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The Haunting of Derek Stone by Tony Abbott

Updated on November 18, 2016

"The Haunting of Derek Stone" is actually a four-part series, but I bought it in a two-book format -- the first two books, "City of the Dead" and "Bayou Dogs" in one book and the second two books, "The Red House" and "The Ghost Road" in another. Since the story runs continuously from one book to the next, I am going to review it as one long book, rather than four individual ones. I am also going to spoil the heck out of the first book. Lots of surprises await in the last three, so I figure that the details of the first one will give you a good taste of the series without spoiling too much.

Derek Stone is a brainy, overweight kid who doesn't believe in anything he can't see or touch. He also had a traumatic near-drowning experience when he was four, which caused him to lose the hearing in his left ear. Soon after the near-drowning, his mother left for France. Derek lives in the French Quarter of New Orleans with his father and his elder brother, Ronny.

As the book begins the year is 2008. Derek, Ronny, and their dad are riding home on a train from a convention. The bridge they are on collapses, sending nine people, including Ronny and Ronny and Derek's dad, to their apparent deaths. Before falling from the train, Ronny saves the life of another passenger on the train, a young girl named Abby, who ends up in a coma.

A month later, Ronny turns up alive. He has been living for some time in an abandoned building and he seems to have no memory of who he is. At least, he doesn't remember Derek or their home in New Orleans. And he certainly doesn't respond to the name "Ronny."

Derek does some research, starting with a word that he overheard Ronny use, "Angola." He discovers that Angola is the name of the town closest to the Louisiana State Penitentiary, and that a train on the way to the penitentiary in 1938 crashed in the same place that the train that he, Ronny, and their dad was on did. He does some further research and talks to a few people and eventually puts together that there is a rift in the veil between the living and the dead, and that Ronny's soul has gone on to its reward. Ronny's body, however, has returned with the soul of a young prison guard named Virgil Black.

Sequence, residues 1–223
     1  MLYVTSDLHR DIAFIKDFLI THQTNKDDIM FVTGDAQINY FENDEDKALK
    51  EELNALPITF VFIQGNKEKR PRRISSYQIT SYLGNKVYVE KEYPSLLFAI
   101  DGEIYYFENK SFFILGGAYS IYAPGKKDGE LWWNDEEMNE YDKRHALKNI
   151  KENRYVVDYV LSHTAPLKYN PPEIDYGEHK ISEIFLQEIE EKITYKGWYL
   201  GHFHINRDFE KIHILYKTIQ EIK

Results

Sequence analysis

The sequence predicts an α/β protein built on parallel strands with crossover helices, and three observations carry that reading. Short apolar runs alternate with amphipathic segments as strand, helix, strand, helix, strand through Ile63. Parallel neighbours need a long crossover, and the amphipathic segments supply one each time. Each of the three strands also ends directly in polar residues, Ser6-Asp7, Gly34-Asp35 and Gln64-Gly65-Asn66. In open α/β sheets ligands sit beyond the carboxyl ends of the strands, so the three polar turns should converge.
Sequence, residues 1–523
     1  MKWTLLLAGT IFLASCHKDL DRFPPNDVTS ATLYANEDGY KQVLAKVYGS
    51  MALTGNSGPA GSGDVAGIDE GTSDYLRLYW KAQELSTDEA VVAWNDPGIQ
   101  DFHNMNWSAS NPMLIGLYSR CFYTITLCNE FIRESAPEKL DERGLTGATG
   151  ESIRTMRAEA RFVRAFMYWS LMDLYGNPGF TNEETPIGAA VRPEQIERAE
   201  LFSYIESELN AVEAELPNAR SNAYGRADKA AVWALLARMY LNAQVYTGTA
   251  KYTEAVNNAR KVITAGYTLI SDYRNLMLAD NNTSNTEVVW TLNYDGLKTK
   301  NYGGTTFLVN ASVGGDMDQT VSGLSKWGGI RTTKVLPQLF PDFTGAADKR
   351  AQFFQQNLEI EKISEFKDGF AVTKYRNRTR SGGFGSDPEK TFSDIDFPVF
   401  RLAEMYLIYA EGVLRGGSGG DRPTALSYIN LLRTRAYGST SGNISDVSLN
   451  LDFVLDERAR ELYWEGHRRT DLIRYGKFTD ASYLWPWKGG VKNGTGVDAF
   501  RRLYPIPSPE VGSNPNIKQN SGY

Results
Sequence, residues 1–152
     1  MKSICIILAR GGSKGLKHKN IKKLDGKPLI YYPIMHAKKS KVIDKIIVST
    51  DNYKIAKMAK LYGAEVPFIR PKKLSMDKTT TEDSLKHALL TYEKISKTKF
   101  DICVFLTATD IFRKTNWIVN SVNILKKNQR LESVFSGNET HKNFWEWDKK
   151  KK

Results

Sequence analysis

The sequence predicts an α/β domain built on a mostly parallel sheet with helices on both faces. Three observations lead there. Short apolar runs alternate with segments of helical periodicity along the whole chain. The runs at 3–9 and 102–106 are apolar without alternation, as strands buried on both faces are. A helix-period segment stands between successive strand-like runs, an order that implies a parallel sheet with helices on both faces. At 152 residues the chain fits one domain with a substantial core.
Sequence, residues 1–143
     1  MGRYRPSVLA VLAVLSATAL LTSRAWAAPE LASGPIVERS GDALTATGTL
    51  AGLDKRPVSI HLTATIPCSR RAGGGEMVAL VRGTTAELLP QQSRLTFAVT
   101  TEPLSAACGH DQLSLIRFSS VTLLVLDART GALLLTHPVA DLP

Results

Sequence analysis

Derek gets Ronny -- he continues to think of him as Ronny, regardless of who is actually in there now -- to open up about what is going on and discovers that there is a war in the afterlife. Most good souls apparently go one place, but somehow some of the good souls end up in another place, where there is a war going on between the good and the evil souls. The evil souls are winning. The evil souls want to use the rift to bring their battle to the outside world, and Virgil has returned to try to stop them.

One of the prisoners on the train that crashed in 1938 was a psychotic arsonist named Erskin Cane. Cane has also returned and he targets Derek and Ronny and sets their house on fire.

Meanwhile, Derek runs into his supposedly dead father on a trolley. Derek's father tells Derek that Abby has information that is vital to their mission. His father also tells Derek to go to his mother's family crypt, where there will be a clue to where they are supposed to meet next. At the crypt is a bouquet of flowers with the word "Bonton" on the card. Bonton was a friend of Derek's father. He is the friend, in fact, that their family had been visiting when Derek had his near-drowning experience.

So, together, Ronny and Derek take off for the bayou to meet with Bonton.

Overall, this is a fantastic series. Even the second time I read it, I had a hard time putting it down. Since I had to work the next day, I was not in the best shape at work. But it was worth it.

It is chilling, gripping, and spine-tingling -- all that a good supernatural thriller needs to be. I'm not sure if Abbott has written any other supernatural books but if he hasn't, he should. He has a real talent for it.

Some of the architectural and geographical details seem to be a little dubious. Any research I have done into either the "faux chambre" or "Bordelon Gap" have only turned up references to this series. Of course, I wasn't expecting the small towns and mansions and things to be real, and they aren't. However, some of the facts check out in real life. The Dixie Museum really is under the War Memorial Tower on the campus of Louisiana State University. And, of course, the Louisiana State Penitentiary really is located outside of Angola, Louisiana.

There are still several unanswered questions at the end of the series, which is mildly frustrating, but Abbott has left the door open for more books about Derek, so I hope that we may yet get the answers someday.


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